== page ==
An avid fan of games, in 1968 and 1969 Sondheim published a series of cryptic crossword puzzles in "New York" magazine. (In 1987, "Time" referred to his love of puzzlemaking as "legendary in theater circles," adding that the central character in Anthony Shaffer's hit play "Sleuth" was inspired by Sondheim. That the show was given the working title "Who's Afraid of Stephen Sondheim?" is an urban legend. In a "New York Times" interview on March 10, 1996, Shaffer denied ever using the title, and Sondheim speculated that it was the invention of producer Morton Gottlieb.) He parlayed this talent into a film script, written with longtime friend Anthony Perkins, called "The Last of Sheila". The 1973 film, directed by Herbert Ross, starred Dyan Cannon, Raquel Welch, Richard Benjamin, and others.

He tried his hand at writing one more time - in 1996 he collaborated on a play called "Getting Away with Murder". It was not a success, and the Broadway production closed after 29 previews and 17 performances.

His compositional efforts have included a number of film scores, notably a set of songs written for Warren Beatty's 1990 film version of "Dick Tracy"; one song, "Sooner or Later (I Always Get My Man)" (as performed by Madonna), won Sondheim an Academy Award.

Major works

Unless otherwise noted, music and lyrics by Stephen Sondheim.
*"Saturday Night" (1954, though unproduced until 1997) (book by Julius J. Epstein and Philip G. Epstein)
*"West Side Story" (1957) (music by Leonard Bernstein; book by Arthur Laurents; directed by Jerome Robbins)
*"" (1959) (music by Jule Styne; book by Arthur Laurents; directed by Jerome Robbins)
*"A Funny Thing Happened on the Way to the Forum" (1962) (book by Burt Shevelove and Larry Gelbart; directed by George Abbott)
*"Anyone Can Whistle" (1964) (book by Arthur Laurents; directed by Arthur Laurents)
*"Do I Hear a Waltz?" (1965) (music by Richard Rodgers; book by Arthur Laurents; directed by John Dexter)
*"Company" (1970) (book by George Furth; directed by Hal Prince)
*"Follies" (1971) (book by James Goldman; directed by Hal Prince)
*"A Little Night Music" (1973) (book by Hugh Wheeler; directed by Hal Prince)
*"Pacific Overtures" (1976) (book by John Weidman; directed by Hal Prince)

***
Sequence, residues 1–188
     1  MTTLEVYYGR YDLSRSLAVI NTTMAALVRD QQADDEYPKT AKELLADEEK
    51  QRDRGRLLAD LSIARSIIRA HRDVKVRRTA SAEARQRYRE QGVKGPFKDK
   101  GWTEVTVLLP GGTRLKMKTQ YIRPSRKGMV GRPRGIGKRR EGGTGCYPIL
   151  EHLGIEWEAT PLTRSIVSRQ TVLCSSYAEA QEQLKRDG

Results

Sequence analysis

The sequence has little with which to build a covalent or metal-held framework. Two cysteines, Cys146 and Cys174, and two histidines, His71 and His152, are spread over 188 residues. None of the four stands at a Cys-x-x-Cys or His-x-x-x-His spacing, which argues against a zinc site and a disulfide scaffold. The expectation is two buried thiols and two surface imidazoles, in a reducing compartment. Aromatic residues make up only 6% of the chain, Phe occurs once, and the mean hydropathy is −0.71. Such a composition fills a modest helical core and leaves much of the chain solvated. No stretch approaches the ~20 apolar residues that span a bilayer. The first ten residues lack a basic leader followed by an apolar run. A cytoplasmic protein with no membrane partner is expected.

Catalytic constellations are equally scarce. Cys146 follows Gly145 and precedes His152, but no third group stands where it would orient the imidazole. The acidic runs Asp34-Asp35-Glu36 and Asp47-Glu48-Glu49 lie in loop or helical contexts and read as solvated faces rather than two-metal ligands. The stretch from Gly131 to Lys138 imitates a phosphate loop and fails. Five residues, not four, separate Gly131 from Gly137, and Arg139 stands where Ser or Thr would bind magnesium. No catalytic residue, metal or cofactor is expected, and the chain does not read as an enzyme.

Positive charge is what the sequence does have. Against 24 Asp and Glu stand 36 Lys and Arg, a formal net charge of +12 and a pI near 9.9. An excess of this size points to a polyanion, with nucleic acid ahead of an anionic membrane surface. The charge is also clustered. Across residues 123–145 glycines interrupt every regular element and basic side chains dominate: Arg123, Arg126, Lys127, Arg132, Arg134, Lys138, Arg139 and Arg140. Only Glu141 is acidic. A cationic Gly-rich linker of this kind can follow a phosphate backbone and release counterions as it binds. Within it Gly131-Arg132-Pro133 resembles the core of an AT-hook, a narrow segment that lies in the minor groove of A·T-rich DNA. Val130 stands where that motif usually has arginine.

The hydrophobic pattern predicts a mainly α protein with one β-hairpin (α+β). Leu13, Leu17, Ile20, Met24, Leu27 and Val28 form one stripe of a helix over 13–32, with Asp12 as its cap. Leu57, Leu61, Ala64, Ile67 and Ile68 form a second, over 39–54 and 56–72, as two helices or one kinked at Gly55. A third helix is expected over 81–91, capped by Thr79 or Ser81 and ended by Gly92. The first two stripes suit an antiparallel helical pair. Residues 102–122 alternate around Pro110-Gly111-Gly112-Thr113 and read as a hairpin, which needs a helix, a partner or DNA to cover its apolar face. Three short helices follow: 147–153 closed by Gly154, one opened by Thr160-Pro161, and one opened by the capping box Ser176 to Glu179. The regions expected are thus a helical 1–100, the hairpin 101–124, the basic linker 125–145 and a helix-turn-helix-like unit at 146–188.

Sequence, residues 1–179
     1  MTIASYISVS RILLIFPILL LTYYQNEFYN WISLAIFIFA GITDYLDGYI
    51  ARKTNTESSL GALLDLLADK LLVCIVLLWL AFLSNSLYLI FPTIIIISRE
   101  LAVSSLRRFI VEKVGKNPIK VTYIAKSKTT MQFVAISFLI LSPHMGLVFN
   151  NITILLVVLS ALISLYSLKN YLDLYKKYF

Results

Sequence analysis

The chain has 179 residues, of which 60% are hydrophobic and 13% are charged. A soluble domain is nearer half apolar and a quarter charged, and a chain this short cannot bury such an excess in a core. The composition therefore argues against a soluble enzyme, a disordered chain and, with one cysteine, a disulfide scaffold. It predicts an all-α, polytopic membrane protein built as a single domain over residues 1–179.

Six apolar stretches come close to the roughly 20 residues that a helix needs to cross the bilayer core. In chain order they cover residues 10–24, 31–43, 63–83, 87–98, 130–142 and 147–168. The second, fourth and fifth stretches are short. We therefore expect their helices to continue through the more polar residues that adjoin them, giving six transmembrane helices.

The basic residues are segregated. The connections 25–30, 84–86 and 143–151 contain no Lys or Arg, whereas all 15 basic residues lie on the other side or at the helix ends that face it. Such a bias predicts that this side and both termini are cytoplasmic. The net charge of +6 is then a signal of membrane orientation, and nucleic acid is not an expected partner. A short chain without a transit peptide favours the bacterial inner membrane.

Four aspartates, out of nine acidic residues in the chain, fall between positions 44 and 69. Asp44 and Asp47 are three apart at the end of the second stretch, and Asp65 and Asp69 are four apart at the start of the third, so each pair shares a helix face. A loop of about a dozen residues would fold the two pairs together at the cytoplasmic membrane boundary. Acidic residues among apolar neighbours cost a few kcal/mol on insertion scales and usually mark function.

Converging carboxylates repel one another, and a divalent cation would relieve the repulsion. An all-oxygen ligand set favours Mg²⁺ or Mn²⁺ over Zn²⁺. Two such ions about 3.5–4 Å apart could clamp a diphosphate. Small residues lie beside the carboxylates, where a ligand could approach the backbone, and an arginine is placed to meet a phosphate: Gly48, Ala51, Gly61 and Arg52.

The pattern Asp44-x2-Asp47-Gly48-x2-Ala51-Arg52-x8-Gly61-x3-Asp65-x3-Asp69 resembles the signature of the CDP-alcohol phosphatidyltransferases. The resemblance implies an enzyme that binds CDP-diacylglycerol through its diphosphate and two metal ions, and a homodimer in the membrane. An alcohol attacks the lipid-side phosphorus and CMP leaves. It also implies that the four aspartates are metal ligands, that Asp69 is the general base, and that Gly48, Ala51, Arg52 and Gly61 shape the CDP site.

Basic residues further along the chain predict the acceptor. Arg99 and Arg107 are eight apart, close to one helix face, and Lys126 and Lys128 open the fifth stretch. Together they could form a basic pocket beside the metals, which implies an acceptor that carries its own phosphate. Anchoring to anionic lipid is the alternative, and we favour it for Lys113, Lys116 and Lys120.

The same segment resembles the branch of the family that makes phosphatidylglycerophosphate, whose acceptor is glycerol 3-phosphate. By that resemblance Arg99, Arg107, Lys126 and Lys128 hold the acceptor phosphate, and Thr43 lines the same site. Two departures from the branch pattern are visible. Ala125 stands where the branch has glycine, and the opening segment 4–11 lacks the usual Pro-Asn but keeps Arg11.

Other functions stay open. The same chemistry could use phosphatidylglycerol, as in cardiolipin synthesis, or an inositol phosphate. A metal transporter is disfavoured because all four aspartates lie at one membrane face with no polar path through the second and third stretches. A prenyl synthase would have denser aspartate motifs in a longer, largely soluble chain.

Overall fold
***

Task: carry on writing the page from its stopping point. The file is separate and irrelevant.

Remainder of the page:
*"Sweeney Todd" (1979) (book by Hugh Wheeler; directed by Hal Prince)
*"Merrily We Roll Along" (1981) (book by George Furth; directed by Hal Prince)
*"Sunday in the Park with George" (1984) (book by James Lapine; directed by James Lapine)
*"Into the Woods" (1987) (book by James Lapine; directed by James Lapine)
*"Assassins" (1990) (book by John Weidman; directed by Jerry Zaks)
*"Passion" (1994) (book by James Lapine; directed by James Lapine)
*"Bounce" (2003) (book by John Weidman; directed by Hal Prince)
*"The Frogs" - Second version (2004) (revised book by Nathan Lane, from Burt Shevelove's 1974 book. Contains seven new songs)

"Side By Side By Sondheim" (1976), "Marry Me A Little" (1980), "You're Gonna Love Tomorrow" (1983) and "Putting It Together" (1993) are anthologies or revues of Sondheim's work as composer and lyricist, featuring both produced songs and songs cut from productions.

Minor works


*"Girls of Summer" (1956) (incidental music by Sondheim; play by N. Richard Nash)
*"Invitation to a March" (1960) (incidental music by Sondheim; play by Arthur Laurents)
*"The World of Jules Feiffer" (1962) (incidental music by Sondheim; sketches by Jules Feiffer)
*"Hot Spot" (1963) (music mostly by Mary Rodgers; lyrics mostly by Martin Charnin)
*"The Enclave" (1973) (incidental music to the play by Arthur Laurents)
*"The Mad Show" (1966) (music mostly by Mary Rodgers; lyrics mostly by Marshall Barer) wrote the lyric for "The Boy From...", a parody of "The Girl from Ipanema."
*"Candide" - Second Version (1974) (new lyrics by Sondheim; original lyrics by Richard Wilbur; music by Leonard Bernstein; Book by Hugh Wheeler)
*"The Frogs" (1974), a musical version of Aristophanes' comedy with a book by Burt Shevelove. Performed in the Yale University swimming pool.
*"Getting Away With Murder" (1996), a "comedy thriller" (non-musical play), co-written with George Furth.
*"King Lear" (2007), incidental music for a Public Theater production of the Shakespeare tragedy, composed with orchestrator Michael Starobin. The production was directed by James Lapine and starred Kevin Kline.

Film and TV

*"Topper" (circa 1953), a non-musical television comedy series for which Sondheim wrote about ten episodes.